B.K Pavitra & Ors V/s Union Of India & Ors

In the absence of any consequential seniority rule, “catch up” rule would apply

Case name: B. K. Pavitra & Ors. Vs. Union of India & Ors
Case number: Civil appeal number-2368 of 2011
Court: The Supreme Court of India
Bench: Justice Adarsh Kumar Goel , Justice Uday Umesh Lalit
Decided on: FEBRUARY 09, 2017
Relevant Act/Sections: Sections 3 and 4 of the Karnataka Determination of Seniority of the Government Servants Promoted on the Basis of Reservation (To the Posts in the Civil Services of the State) Act, 2002, Article 14, 16, 16(4-A) and 335 of the Indian Constitution
  • On 27th April 1978, the policy of Reservation in Promotion was introduced in the state of Karnataka, in which reservation up to 15% and 3% was given to the people of scheduled castes and scheduled tribes category, respectively.
  • A roster of 33 points was issued to each cadre of posts, under each appointing authority. Prior to 1st April 1992, no system of carry forward existed, it was introduced after 1st April 1992.
  • As per the appellants, the assistant engineers of the SC/ST category recruited in the year 1987 were promoted to the cadre of assistant executive engineers whereas the assistant engineers of general category, recruited in the year 1976, were considered for promotion to the said cadre.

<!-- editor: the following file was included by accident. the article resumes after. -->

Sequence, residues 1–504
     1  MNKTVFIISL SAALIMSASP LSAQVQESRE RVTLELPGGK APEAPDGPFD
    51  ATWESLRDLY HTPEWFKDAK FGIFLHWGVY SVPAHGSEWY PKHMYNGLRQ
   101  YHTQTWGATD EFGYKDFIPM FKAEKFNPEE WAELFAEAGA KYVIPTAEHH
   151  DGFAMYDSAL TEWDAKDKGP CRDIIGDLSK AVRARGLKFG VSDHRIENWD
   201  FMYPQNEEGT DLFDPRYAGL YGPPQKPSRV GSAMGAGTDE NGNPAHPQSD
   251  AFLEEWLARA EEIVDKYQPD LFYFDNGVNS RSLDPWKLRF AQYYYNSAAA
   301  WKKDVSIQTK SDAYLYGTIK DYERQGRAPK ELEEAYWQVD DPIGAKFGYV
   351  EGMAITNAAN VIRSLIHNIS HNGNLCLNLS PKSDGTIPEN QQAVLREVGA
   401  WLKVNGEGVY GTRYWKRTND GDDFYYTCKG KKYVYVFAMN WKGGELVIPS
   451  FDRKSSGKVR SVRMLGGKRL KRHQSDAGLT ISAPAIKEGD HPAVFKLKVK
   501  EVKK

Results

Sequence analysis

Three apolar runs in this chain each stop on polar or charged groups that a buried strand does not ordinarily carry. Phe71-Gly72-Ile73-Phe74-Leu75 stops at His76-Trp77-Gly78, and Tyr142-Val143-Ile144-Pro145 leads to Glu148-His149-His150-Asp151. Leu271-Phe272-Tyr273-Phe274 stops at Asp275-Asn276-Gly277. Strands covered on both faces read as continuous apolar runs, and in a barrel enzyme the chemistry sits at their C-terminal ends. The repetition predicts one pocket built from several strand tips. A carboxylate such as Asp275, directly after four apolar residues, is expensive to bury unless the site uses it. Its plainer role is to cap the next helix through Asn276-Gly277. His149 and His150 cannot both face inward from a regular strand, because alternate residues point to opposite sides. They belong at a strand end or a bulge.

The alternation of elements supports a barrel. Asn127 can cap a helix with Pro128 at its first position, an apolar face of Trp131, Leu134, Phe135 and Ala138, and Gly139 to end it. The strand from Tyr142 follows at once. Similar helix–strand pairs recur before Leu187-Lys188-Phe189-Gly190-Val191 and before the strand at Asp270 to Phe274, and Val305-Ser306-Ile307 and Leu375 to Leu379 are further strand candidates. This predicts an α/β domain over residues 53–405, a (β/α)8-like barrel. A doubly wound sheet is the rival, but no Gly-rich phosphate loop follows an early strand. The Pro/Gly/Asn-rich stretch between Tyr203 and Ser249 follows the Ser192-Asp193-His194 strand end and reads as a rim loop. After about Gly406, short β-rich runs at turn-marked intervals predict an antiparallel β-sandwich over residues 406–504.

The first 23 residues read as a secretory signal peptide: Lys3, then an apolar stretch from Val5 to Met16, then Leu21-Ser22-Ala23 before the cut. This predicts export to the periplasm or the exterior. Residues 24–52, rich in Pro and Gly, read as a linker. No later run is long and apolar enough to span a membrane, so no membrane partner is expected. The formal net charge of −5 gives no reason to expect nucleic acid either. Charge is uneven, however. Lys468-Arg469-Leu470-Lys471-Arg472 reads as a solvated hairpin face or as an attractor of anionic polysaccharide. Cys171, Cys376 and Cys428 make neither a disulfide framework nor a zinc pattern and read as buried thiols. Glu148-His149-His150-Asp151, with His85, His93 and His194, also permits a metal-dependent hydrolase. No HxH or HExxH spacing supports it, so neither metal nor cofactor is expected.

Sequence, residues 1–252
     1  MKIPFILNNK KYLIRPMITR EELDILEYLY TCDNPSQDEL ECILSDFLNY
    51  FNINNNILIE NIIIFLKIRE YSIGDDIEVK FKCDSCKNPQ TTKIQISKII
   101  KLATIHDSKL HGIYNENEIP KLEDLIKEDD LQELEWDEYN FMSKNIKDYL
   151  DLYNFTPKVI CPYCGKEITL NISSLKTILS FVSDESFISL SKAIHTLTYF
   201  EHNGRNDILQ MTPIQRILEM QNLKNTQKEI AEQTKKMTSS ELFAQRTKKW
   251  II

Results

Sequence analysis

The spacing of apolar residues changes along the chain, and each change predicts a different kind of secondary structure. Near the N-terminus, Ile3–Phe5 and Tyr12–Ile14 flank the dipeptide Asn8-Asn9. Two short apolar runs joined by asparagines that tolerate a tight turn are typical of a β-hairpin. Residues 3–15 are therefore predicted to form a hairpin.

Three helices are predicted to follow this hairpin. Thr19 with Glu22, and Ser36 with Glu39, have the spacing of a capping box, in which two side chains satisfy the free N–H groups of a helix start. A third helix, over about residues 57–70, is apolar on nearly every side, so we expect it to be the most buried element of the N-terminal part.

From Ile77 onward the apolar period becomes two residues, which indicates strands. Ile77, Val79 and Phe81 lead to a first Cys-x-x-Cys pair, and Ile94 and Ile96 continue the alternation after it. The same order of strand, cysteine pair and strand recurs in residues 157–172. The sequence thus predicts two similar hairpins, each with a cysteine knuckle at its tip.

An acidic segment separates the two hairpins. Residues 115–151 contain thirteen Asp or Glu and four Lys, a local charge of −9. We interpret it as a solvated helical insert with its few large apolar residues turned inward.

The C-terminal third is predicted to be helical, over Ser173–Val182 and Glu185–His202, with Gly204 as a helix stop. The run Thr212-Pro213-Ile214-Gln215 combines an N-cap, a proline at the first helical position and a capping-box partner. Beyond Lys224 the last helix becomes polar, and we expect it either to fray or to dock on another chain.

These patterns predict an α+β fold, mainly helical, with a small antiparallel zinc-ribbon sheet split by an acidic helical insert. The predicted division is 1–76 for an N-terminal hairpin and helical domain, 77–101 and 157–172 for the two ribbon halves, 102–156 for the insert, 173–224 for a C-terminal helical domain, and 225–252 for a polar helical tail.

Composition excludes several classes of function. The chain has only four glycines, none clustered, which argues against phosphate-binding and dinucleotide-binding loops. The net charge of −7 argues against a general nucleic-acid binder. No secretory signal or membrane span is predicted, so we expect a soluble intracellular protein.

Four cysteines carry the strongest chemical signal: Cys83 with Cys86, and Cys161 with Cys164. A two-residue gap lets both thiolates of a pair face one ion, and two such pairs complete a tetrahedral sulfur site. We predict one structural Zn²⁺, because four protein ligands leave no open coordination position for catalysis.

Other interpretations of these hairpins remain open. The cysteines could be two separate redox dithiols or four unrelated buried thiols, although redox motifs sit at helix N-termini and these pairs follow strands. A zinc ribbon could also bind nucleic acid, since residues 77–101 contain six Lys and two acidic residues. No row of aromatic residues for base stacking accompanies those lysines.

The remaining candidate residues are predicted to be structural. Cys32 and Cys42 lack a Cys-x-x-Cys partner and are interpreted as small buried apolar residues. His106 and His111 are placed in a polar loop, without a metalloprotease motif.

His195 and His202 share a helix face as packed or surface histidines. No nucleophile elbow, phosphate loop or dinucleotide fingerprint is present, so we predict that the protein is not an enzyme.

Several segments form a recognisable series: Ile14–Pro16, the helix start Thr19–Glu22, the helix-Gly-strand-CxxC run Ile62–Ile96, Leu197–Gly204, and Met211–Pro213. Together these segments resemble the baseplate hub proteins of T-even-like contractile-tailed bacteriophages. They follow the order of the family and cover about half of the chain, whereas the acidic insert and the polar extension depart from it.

• Therefore, as alleged by the appellants, according to the consequential promotions, the reserved category candidates got promotion early, the overall percentage of representation of the SC/STs was higher than the permissible limit and all top positions would likely be filled by the SC/STs.
  • This matter was initially taken to the Supreme Court under writ petition (CIVIL) no. 61 of 2002, titled M. Nagraj & others vs. Union of India. Within this judgement the court had upheld the constitutional validity of the 77th, 81st, 82nd and 85th amendment acts.
  • Thereafter, the matter was remitted to the High Court for deciding the validity of the said enactment and the issue was whether the state government had taken effecting measures in compelling data as to show the backwardness, inadequacy of representation and overall administrative efficiency, before making provisions regarding reservation in promotions.
  • The high court upheld the validity of the act and the other contentions of the petitioners as to excessive reservations, no promotions left for the general merit candidates and thus the act being violative of articles 14 and 16 of the Indian constitution, were rejected.
  • The petitioners then filed an appeal in the Supreme Court.
  • Whether the impugned Act [Karnataka Determination of Seniority of the Government Servants Promoted on the Basis of Reservation (To the Posts in the Civil Services of the State) Act, 2002] is violative of articles 14 and 16 of the Indian Constitution?
  • Whether the high court was erroneous in declaring that it was for petitioners to plead & prove that overall efficiency was adversely affected by giving consequential seniority to juniors getting promotion on account of reservation?